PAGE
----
“Play is the work of the child.” – Maria Montessori

Painting In Our PJs In the Morning

Sophie woke up wanting to “teach the boys how to paint.” She’s not the most patient of teachers. She also dislikes mixing colors. Although the pictures depict a rather lovely experience (and for awhile, it was), it did not end well. I suppose, for a more truthful depiction, I should take pictures across the spectrum. Too often, though, I’m solving and resolving at the one of the spectrum, leaving little time for picture-taking—whereas the other end of the spectrum is the stuff you dream motherhood is going to be, with plenty of time for dreamy documenting.

“A child’s attitude toward everything is an artist’s attitude.” —Willa Cather

The Side Effects of Encouraging Creativity

The kids decided to make a train. Clever and cute, right?

They did this to the playroom in order to make it.

“That’s what children are for—that their parents may not be bored.” —Ivan Turgenev

Our (Tiny) Playroom

In addition to the three bedrooms and one bath on our second floor there is a small, maybe 8×10 room that the previous owners used as a walk-in closet. We live in a foursquare, which means our first floor consists of an entry, living room, dining room and kitchen. There’s no big finished basement. The attic is large and tall and will make a beautiful finished space someday, although Andy keeps reminding me it will be a many-years-from-now someday. In short, we don’t have a lot of extra space for toys. So we decided to turn what was a walk-in closet into a playroom. The kids still have toys in their bedrooms. Baskets of toys reside in the entry. And living room. The play kitchen is in the dining room. And there’s always a block or car under foot in the kitchen. But this room, although small, holds many—if not most—of the toys (particularly, the craft supplies). It serves as a creative space, a space I don’t mind getting messy. And often it’s a quiet space for Sophie to retreat to, when she’s tired of the boys “decorating” her artwork.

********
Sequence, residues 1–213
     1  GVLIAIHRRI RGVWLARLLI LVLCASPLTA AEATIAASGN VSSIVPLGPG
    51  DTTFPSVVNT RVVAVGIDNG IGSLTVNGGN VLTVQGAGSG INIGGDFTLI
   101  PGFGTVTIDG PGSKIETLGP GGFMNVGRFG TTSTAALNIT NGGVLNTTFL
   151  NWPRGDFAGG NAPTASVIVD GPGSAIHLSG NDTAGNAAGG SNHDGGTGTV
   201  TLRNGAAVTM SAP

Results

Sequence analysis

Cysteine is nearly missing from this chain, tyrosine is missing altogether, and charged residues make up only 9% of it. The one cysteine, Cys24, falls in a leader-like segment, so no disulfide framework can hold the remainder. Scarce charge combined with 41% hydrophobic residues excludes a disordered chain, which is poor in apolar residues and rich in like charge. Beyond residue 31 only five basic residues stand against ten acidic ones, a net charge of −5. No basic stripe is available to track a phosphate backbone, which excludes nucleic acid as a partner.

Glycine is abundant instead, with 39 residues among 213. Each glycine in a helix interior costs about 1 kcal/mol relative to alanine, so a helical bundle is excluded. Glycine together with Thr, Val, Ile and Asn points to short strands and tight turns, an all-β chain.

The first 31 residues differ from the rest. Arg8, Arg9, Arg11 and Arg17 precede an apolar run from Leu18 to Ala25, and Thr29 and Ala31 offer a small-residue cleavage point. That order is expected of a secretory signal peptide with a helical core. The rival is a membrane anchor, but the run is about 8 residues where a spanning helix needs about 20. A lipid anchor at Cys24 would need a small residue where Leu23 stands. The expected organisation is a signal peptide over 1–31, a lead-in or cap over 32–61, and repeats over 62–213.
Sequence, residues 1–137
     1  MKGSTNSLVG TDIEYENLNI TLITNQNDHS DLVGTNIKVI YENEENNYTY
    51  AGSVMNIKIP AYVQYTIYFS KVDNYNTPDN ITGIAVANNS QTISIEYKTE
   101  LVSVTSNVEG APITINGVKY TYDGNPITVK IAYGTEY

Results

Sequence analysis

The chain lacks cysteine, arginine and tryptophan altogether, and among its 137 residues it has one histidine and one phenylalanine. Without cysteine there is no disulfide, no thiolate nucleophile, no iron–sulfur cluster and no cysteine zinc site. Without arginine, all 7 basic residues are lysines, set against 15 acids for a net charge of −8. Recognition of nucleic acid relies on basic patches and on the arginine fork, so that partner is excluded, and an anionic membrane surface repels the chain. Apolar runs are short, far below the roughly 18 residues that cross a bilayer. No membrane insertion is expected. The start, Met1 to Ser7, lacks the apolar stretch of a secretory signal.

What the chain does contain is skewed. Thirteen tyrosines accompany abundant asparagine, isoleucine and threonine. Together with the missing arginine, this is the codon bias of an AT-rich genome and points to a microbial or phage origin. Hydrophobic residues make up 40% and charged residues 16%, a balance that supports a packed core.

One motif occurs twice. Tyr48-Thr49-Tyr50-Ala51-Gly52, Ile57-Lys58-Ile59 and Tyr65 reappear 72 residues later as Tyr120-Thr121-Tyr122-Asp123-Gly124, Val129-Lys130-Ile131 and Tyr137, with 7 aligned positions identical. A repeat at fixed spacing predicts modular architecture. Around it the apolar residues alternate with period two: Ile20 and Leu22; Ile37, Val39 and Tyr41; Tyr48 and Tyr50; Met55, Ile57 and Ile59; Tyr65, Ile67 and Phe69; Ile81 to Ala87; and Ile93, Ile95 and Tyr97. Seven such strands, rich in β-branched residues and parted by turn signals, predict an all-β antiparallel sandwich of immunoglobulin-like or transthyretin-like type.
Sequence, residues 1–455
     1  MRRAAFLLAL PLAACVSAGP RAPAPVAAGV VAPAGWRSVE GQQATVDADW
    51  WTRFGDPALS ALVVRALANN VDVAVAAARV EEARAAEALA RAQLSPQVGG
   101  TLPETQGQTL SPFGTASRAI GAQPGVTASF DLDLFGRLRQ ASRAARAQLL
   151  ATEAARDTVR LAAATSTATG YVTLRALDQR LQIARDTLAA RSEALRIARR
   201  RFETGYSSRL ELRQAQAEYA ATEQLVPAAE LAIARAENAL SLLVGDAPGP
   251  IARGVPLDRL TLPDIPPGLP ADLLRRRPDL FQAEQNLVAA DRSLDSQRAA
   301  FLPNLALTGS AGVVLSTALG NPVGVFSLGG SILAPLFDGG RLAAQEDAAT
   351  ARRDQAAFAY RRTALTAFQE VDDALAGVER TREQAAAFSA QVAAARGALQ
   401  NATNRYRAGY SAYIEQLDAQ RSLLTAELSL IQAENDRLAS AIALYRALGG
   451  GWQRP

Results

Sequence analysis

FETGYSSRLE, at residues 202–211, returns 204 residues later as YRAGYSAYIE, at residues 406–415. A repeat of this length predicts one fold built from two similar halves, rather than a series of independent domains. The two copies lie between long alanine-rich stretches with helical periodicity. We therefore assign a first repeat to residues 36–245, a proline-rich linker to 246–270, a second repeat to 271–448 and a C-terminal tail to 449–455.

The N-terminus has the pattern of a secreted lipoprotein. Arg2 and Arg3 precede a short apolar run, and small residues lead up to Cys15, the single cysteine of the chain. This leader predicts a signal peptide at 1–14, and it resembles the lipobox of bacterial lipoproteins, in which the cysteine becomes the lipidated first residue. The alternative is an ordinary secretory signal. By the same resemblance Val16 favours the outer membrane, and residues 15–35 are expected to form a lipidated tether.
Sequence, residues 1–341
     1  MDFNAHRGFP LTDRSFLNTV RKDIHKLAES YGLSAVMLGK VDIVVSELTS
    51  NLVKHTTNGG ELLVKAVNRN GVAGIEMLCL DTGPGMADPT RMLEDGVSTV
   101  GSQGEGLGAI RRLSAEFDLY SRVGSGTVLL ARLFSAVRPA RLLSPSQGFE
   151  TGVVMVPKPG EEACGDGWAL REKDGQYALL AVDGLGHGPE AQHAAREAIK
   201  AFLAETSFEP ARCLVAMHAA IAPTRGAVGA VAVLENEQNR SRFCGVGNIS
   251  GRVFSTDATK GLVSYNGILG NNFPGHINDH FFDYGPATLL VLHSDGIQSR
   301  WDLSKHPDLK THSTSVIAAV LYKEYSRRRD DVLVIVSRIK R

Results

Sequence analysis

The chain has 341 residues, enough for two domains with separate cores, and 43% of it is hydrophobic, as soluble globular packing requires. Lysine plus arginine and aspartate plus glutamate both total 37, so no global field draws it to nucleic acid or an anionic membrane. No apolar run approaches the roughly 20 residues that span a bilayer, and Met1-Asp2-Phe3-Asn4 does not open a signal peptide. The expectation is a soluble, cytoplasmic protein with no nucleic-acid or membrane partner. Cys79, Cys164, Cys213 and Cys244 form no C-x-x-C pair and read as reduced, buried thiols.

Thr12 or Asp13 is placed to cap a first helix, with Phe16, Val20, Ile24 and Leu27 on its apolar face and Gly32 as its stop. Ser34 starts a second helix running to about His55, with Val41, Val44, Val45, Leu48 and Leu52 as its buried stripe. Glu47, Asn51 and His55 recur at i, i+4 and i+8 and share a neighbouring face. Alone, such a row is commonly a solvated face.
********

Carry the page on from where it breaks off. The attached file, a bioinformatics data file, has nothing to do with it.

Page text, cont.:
The shelving unit is the ever-popular EXPEDIT from Ikea. For storage we purchased eight DRONA Boxes, also from Ikea. They’re fine, given the price, but I often wish the unit was filled with prettier baskets.

My mom and I made the garland, inspired by The Purl Bee, for Sophie’s nursery when she was baby. You can see a sort-of tutorial here.

The artwork is from Trafalgar’s Square by Kit Chase. I ordered them from Zulily but you can also purchase them from her Etsy site here.

We were going to paint an entire wall with black chalkboard paint … until Andy found some old slate roof tiles in our attic. I fell in love with them, and insisted we use them as chalkboards instead.

The eraser, from my mom’s teaching days, reminds me so much of elementary school, clapping those green-covered erasers together, washing down the black chalkboards with a bucket and sponge.

This artwork, courtesy of the kids, hangs on Ikea’s DEKA curtain wire.

This lovely little table was a gift to Sophie several years ago, from Grandma and Paw Paw.

I love Land of Nod’s Art Caddy. Every time I order something from Land of Nod I tend to throw one of these in my online shopping basket. We now own three, and each is used every day.

Some of the storage isn’t quite adequate, but works. Plastic shoe boxes from Target hold shells and snake skin, poofy balls, glittery ribbon and plastic beads. A wooden crate from a Melissa & Doug musical instrument kit holds all the Play-Doh. And dress-up clothes reside in a (very) large basket on the floor.

Two paper lanterns hang in the room. They were a gift from my friend Linda, who found them in a “free” pile at work.

This little handmade wooden toy, which I purchased at Tamarack, often resides on the window sill.

This guy is a handmade toy from Switzerland. My mother-in-law purchased it for me years ago while on a business trip. I miscarried, and the toy sat on our piano in an otherwise toy-empty house for a long time. And now I smile every time I look at it and its surroundings.

Perhaps my favorite decorative element of the playroom, though, is this. Sophie drew it and hung it up on the wall with a red glitter heart sticker. It’s a picture of Sophie and Andy, and when Andy asked her about it she said it was called “Between Friends.”

The playroom small. And still needs (a little) work. But it’s loved and played in every day. Which, I suppose, is the very definition, and purpose, of a playroom.

“It is a happy talent to know how to play.” —Ralph Waldo Emerson